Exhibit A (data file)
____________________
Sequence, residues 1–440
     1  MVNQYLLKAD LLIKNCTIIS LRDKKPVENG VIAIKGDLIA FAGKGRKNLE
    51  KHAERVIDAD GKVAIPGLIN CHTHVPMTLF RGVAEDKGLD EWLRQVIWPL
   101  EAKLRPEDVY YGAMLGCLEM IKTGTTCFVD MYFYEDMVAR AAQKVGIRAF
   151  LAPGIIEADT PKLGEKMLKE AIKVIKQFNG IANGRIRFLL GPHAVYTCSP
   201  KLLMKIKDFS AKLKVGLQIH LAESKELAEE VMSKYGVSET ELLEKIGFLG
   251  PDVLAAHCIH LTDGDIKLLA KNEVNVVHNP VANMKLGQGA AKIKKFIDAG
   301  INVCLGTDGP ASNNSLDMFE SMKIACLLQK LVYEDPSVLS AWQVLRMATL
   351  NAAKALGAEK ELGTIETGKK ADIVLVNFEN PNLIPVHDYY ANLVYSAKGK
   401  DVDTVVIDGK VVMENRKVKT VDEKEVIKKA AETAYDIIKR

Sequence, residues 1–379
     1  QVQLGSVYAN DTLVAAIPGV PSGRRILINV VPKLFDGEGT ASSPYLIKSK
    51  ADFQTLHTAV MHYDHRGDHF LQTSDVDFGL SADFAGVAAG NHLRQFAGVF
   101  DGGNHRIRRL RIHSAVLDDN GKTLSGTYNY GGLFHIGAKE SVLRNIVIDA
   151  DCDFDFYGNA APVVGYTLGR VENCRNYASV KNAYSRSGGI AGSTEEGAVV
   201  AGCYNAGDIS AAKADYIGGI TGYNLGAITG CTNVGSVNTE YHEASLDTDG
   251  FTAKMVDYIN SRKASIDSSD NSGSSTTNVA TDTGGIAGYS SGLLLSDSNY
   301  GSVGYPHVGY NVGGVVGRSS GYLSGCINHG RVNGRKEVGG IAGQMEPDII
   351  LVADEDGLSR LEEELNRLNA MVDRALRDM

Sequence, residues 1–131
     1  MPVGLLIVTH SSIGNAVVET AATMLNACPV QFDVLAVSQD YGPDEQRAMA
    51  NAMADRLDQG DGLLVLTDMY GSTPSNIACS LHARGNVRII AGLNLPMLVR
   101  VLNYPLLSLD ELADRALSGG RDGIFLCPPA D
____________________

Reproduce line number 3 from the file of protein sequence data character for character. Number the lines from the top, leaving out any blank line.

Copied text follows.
    51  KHAERVIDAD GKVAIPGLIN CHTHVPMTLF RGVAEDKGLD EWLRQVIWPL